Transitions to Adulthood

Gunter, Anthony and Holford, Naomi (2023). Transitions to Adulthood. In: Cooper, Victoria and Tatlow-Golden, Mimi eds. An Introduction to Childhood and Youth Studies and Psychology. Abingdon, Oxon: Routledge, pp. 218–232.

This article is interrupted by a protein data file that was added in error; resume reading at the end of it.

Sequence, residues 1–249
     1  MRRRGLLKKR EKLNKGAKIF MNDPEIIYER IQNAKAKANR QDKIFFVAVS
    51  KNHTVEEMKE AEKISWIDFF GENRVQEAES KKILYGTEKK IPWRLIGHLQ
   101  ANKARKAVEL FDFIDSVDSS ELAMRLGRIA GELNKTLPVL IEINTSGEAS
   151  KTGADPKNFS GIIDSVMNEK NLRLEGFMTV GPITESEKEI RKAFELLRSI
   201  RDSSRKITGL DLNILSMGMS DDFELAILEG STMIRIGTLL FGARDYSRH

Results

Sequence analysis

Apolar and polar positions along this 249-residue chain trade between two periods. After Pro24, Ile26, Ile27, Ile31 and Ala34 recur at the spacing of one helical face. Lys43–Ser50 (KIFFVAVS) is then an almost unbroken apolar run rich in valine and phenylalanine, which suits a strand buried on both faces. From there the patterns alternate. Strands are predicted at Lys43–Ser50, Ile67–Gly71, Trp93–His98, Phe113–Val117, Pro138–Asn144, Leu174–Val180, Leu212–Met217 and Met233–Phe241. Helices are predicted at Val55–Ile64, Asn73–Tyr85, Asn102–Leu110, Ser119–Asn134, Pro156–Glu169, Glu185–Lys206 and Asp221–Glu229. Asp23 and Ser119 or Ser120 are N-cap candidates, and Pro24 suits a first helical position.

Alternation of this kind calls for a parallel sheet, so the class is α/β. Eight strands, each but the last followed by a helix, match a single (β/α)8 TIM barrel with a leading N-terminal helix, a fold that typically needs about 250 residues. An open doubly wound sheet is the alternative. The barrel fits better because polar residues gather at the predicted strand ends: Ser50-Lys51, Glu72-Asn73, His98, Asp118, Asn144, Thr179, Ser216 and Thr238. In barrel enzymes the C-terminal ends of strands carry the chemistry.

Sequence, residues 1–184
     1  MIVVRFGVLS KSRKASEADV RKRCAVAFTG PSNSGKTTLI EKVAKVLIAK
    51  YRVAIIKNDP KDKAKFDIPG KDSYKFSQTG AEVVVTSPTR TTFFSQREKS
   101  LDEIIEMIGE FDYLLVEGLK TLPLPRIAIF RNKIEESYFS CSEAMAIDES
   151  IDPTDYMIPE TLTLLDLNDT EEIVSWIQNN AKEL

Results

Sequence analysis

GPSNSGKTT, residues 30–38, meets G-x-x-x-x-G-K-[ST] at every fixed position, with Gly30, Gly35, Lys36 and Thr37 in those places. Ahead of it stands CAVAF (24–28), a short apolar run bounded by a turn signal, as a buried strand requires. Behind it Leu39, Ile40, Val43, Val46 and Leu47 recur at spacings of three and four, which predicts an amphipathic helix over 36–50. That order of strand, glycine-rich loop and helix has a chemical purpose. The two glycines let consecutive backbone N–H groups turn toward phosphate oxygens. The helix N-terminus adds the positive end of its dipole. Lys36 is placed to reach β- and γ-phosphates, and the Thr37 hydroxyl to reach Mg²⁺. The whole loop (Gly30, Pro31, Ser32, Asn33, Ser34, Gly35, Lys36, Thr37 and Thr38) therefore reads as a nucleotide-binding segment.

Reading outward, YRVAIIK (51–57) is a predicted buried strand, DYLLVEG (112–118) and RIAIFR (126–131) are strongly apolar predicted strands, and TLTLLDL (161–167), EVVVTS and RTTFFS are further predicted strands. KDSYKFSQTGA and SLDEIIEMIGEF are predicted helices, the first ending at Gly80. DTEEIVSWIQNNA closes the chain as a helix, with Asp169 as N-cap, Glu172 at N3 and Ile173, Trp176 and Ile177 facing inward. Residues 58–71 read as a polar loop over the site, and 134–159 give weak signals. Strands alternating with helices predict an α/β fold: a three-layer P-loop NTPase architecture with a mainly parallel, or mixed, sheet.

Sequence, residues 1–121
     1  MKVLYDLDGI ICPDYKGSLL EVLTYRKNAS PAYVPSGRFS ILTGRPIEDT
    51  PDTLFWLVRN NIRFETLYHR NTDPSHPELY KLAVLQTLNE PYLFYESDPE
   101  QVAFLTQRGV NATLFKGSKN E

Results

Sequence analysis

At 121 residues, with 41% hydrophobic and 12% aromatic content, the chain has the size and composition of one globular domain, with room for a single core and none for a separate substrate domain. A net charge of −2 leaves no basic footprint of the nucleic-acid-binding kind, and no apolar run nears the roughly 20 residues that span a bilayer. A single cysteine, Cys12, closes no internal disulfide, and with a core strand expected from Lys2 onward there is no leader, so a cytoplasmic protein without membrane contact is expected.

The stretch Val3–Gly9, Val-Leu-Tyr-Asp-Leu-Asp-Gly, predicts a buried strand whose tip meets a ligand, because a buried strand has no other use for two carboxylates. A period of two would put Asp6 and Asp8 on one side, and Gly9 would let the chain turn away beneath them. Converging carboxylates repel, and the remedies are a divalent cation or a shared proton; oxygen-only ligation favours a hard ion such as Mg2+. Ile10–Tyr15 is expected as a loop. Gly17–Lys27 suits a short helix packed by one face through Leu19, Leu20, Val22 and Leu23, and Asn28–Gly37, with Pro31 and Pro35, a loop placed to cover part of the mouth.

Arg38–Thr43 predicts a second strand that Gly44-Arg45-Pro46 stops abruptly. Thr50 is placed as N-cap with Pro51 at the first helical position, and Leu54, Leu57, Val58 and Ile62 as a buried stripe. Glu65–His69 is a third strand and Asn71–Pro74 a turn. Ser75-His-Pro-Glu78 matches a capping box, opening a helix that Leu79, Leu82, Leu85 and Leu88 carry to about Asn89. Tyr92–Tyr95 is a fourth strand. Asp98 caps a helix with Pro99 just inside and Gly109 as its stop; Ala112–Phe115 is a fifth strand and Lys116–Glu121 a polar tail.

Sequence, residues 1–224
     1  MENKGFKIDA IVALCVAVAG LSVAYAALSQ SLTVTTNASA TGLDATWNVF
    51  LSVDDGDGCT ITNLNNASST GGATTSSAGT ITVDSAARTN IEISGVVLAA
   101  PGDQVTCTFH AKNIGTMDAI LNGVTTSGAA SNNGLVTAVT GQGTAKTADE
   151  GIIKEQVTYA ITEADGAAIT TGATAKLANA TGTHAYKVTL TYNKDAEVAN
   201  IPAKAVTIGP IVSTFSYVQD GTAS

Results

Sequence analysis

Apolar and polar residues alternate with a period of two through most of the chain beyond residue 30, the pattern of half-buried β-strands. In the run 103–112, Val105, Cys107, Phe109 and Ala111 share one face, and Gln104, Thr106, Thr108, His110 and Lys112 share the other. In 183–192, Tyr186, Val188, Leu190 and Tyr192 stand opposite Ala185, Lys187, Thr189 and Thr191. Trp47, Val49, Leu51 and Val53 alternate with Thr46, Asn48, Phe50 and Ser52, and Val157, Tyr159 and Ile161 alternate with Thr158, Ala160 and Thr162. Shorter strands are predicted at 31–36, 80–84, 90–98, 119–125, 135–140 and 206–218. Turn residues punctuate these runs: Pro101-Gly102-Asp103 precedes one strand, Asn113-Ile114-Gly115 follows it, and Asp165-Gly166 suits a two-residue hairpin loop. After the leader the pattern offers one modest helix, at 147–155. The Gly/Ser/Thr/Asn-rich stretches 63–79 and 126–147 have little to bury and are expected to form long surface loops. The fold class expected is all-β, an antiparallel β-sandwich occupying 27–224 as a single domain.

This final chapter introduces you to thinking about what it means to become an adult, drawing on many disciplines to consider the cultural and historical features of this process. Extending beyond adolescence, becoming an adult involves biological, legal, psychological, emotional, and social processes. These can happen at different ages and may not be a smooth, one-way process – for example, there may be times of leaving home and moving back again. Adulthood is also considered a time in which people find – or solidify – their individual and group identities. Becoming an adult involves entering new social structures, including education and/or work. School experiences can prepare young people differently for work. But work may no longer be an identity marker, as it has become precarious. Higher education in the UK has expanded significantly recently, and a large proportion of young people in the UK engage with higher education in various forms – but there are still inequalities in access.

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